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Justice, Fairness, Inclusion, and Performance.

The Academy and Women's History Month 2024

By: Marilyn Rubin

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By: Mary Guy

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National Women’s History Month has been observed in the United States since 1988 in celebration of the often overlooked contributions of women to the nation’s history, culture and society. This past year, American women have continued to trailblaze across domains including education, sports, and the military, taking positions historically held by men. One stand out is Claudia Goldin, who in 2023 became the first woman to be awarded a solo Nobel Prize in Economics for her work in tracking women’s labor force participation in the United States over centuries and illuminating the gender wage gap.

Goldin’s work, according to the Nobel Prize Committee, was key to revealing gender differences that in the past had been waved away as everything from temporary blips to statistical noise. Her efforts in combing through more than 200 years of data helped create a framework to discuss how everyone can have a hand in creating a more equitable society. “Thanks to Claudia Goldin’s groundbreaking research we now know much more about the underlying factors and which barriers may need to be addressed in the future,” said Jakob Svensson, Chair of the Committee for the Prize in Economic Sciences.

Goldin’s achievements in economic research parallels those of the first woman to receive NAPA’s Eliott Richardson Prize, Alice Rivlin, an Academy Fellow. From working on the incorporation and execution of the Marshall Plan in Western Europe, to becoming the first female director of both the U.S. Office of Management and Budget and the Congressional Budget Office, Rivlin’s accomplishments helped clear the path for the American Century.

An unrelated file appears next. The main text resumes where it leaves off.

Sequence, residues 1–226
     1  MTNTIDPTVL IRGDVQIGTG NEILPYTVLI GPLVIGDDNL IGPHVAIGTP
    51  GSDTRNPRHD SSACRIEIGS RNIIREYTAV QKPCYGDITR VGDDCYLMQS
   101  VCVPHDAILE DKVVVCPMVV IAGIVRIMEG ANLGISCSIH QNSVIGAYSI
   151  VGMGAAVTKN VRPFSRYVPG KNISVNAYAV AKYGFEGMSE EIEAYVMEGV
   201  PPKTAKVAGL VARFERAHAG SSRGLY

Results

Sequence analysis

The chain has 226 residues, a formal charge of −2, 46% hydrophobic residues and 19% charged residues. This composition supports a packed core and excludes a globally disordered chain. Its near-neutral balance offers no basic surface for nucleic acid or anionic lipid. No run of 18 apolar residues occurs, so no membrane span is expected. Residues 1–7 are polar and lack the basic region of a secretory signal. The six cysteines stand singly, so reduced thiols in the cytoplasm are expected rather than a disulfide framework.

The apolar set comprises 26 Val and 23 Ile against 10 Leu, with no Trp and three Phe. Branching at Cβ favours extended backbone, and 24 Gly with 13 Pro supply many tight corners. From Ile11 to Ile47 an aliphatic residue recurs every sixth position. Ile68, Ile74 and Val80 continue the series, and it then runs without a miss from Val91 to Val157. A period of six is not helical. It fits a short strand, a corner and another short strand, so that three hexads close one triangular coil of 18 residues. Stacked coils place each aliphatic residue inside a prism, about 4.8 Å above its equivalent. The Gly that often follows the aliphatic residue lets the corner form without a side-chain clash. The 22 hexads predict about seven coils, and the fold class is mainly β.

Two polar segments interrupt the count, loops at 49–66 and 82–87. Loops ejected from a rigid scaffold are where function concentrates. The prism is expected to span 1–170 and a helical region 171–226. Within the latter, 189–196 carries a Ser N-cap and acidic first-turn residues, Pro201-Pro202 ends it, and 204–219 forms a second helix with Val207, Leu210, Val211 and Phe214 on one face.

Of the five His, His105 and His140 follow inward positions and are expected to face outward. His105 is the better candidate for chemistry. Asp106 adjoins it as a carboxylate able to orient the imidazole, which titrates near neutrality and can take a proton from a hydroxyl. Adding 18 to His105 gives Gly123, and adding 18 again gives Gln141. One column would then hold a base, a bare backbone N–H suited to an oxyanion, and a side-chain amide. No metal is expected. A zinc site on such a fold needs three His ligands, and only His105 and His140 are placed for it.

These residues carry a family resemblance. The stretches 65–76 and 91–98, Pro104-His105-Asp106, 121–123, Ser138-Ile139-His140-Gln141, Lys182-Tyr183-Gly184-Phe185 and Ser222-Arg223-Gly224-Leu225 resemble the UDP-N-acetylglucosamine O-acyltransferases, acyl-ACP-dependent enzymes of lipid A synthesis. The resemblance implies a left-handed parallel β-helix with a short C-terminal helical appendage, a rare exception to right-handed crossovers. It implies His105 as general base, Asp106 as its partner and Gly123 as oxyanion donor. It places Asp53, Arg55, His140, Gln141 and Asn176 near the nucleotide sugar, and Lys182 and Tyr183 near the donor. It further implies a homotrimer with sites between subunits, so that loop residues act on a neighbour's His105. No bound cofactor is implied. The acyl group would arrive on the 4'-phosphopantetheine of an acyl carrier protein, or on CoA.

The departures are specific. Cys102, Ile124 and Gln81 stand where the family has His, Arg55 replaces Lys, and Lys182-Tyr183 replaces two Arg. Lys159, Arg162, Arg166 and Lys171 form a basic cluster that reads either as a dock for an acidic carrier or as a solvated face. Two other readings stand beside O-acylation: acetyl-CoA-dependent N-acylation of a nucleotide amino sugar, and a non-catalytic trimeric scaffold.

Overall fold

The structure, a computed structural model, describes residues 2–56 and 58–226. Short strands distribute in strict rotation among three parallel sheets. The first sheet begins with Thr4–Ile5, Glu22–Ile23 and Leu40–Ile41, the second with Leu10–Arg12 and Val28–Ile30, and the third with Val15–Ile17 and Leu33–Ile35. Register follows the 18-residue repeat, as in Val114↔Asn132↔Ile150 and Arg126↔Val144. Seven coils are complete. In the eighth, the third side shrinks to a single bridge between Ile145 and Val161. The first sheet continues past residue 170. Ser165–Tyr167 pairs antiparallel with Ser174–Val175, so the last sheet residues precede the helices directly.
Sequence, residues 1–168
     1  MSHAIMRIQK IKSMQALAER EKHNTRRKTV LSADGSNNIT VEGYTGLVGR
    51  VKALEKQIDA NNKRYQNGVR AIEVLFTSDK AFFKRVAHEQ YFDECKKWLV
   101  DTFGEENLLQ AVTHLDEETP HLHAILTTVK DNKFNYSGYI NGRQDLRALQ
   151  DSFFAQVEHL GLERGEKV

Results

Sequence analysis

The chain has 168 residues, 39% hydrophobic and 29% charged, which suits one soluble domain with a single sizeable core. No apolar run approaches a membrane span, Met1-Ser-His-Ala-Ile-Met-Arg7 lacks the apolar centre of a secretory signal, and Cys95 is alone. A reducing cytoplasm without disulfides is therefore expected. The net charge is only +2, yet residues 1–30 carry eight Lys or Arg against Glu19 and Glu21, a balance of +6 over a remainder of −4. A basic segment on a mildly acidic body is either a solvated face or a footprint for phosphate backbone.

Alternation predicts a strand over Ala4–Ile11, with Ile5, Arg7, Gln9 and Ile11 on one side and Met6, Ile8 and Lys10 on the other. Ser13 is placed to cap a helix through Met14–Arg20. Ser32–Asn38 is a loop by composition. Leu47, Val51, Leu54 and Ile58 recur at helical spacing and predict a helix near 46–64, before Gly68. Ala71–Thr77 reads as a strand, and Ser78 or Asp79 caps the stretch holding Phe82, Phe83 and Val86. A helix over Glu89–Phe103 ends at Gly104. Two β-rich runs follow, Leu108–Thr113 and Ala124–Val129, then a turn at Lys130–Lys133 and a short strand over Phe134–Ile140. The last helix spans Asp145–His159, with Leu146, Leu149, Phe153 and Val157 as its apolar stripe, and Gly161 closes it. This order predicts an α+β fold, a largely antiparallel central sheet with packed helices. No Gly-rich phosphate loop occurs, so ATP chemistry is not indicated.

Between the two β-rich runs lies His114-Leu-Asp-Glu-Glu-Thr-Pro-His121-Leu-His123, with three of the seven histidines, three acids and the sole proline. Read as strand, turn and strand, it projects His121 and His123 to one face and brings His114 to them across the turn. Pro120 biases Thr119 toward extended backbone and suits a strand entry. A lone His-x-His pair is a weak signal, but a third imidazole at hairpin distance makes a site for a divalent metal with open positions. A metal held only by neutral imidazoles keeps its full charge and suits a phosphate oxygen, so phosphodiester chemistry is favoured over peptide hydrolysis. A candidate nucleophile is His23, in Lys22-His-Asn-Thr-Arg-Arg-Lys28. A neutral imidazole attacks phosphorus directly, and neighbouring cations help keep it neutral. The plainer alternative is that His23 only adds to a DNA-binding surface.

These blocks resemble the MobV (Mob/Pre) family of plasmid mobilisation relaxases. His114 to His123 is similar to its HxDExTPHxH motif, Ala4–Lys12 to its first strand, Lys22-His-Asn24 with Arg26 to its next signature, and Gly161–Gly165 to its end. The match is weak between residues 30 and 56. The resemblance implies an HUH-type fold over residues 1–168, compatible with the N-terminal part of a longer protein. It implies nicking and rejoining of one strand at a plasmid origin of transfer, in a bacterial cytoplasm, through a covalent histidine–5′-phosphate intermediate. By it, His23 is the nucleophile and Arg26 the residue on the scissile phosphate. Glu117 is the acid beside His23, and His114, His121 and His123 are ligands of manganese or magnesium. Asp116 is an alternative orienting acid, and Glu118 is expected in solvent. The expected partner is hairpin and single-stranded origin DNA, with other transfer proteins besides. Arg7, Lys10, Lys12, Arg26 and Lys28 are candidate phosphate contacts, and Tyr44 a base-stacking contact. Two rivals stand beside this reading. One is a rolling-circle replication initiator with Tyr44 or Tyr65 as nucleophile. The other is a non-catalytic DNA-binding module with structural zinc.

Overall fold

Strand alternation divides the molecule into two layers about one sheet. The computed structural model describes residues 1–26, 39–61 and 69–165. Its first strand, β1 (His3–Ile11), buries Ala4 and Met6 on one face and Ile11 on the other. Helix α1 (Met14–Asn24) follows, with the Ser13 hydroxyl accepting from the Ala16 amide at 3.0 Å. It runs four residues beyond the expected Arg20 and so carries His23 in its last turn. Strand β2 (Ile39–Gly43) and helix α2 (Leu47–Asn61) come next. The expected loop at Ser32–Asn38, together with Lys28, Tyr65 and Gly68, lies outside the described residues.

The life’s work of Rivlin and Goldin make a strong statement toward equity and inclusion across decades. In an interview, Rivlin said that she initially had wanted to study public administration at Harvard, but was rejected as a “woman of marriageable age.” That happened 70 years ago – and thanks to the work of Goldin, the impacts of those inequitable choices are clearer today.

The National Women’s History Month’s theme for 2024 is “Women Who Advocate for Equity, Diversity and Inclusion,” recognizing women who have made outstanding contributions to furthering efforts to eliminate bias and discrimination from lives and institutions. Two such women are AcademyFellows Janice Underwood and Zina Merritt. Underwood, who was Chief Diversity Officer of Virginia and the first government-wide Chief Diversity Officer for the federal government, has recently been appointed Vice President of Diversity, Equity and Inclusion, talent outreach and development for Walt Disney Company’s Disney Experiences segment. Merritt is the Chief Diversity Management Officer of the U.S. Government Accountability Office (GAO).

Underwood (2023) and Merritt (2022) are just two of the recently elected Fellows helping to grow the diversity of the Academy. In 2023, women accounted for 46 percent of newly elected Fellows and 33 percent of all Fellows. Compare this to 20 years ago, when women represented only 24 percent of new Fellows and 27 percent of all Fellows (see Figure 1). NAPA is not only becoming more diverse, but it is also becoming more inclusive. NAPA’s current president is a woman – just the second woman to hold this position – and four of the Academy’s six standing committees are chaired or co-chaired by women. The growing inclusion of women in NAPA is also found in their representation on its Board of Directors, the elected decision-making arm of the Academy. At the start of 2024, the Board’s President and 13 of its 19 members are women; 20 years ago, there was just one female member.

Women in the Academy 1967-2023
Note: In Figure 1, women as a percent of total Fellows do not account for deceased Fellows.

While the Academy is only a pebble in a large lake, women’s integration into its governance invites optimism. And the growing percentage of female Fellows bodes well for continued growth in the diversity of the Academy. Like Goldin and Rivlin, their contributions stretch beyond the horizon.

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